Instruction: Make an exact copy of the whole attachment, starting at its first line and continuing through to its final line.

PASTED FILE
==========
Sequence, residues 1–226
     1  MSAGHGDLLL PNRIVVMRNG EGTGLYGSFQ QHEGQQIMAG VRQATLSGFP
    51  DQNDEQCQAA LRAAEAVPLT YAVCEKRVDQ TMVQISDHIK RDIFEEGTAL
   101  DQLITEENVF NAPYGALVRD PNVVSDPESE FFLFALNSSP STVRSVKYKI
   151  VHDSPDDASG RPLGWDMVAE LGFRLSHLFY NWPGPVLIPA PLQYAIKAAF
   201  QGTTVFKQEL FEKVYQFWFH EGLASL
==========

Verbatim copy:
Sequence, residues 1–226
     1  MSAGHGDLLL PNRIVVMRNG EGTGLYGSFQ QHEGQQIMAG VRQATLSGFP
    51  DQNDEQCQAA LRAAEAVPLT YAVCEKRVDQ TMVQISDHIK RDIFEEGTAL
   101  DQLITEENVF NAPYGALVRD PNVVSDPESE FFLFALNSSP STVRSVKYKI
   151  VHDSPDDASG RPLGWDMVAE LGFRLSHLFY NWPGPVLIPA PLQYAIKAAF
   201  QGTTVFKQEL FEKVYQFWFH EGLASL